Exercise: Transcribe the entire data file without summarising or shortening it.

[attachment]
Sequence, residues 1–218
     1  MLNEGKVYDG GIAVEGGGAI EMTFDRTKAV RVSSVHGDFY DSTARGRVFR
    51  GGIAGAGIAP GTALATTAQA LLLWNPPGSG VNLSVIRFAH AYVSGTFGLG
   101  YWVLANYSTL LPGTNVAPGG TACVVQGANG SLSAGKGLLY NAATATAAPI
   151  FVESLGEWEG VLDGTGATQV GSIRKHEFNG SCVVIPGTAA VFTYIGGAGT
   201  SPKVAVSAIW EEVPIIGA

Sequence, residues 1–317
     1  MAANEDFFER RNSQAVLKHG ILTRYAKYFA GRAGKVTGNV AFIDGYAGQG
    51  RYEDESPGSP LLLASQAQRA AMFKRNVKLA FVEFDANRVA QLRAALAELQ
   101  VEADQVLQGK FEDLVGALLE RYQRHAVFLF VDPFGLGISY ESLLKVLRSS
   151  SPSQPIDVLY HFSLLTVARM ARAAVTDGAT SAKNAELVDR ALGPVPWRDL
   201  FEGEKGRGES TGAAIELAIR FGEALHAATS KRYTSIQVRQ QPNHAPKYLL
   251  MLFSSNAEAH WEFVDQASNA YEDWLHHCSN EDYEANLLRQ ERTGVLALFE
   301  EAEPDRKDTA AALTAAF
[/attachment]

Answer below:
Sequence, residues 1–218
     1  MLNEGKVYDG GIAVEGGGAI EMTFDRTKAV RVSSVHGDFY DSTARGRVFR
    51  GGIAGAGIAP GTALATTAQA LLLWNPPGSG VNLSVIRFAH AYVSGTFGLG
   101  YWVLANYSTL LPGTNVAPGG TACVVQGANG SLSAGKGLLY NAATATAAPI
   151  FVESLGEWEG VLDGTGATQV GSIRKHEFNG SCVVIPGTAA VFTYIGGAGT
   201  SPKVAVSAIW EEVPIIGA

Sequence, residues 1–317
     1  MAANEDFFER RNSQAVLKHG ILTRYAKYFA GRAGKVTGNV AFIDGYAGQG
    51  RYEDESPGSP LLLASQAQRA AMFKRNVKLA FVEFDANRVA QLRAALAELQ
   101  VEADQVLQGK FEDLVGALLE RYQRHAVFLF VDPFGLGISY ESLLKVLRSS
   151  SPSQPIDVLY HFSLLTVARM ARAAVTDGAT SAKNAELVDR ALGPVPWRDL
   201  FEGEKGRGES TGAAIELAIR FGEALHAATS KRYTSIQVRQ QPNHAPKYLL
   251  MLFSSNAEAH WEFVDQASNA YEDWLHHCSN EDYEANLLRQ ERTGVLALFE
   301  EAEPDRKDTA AALTAAF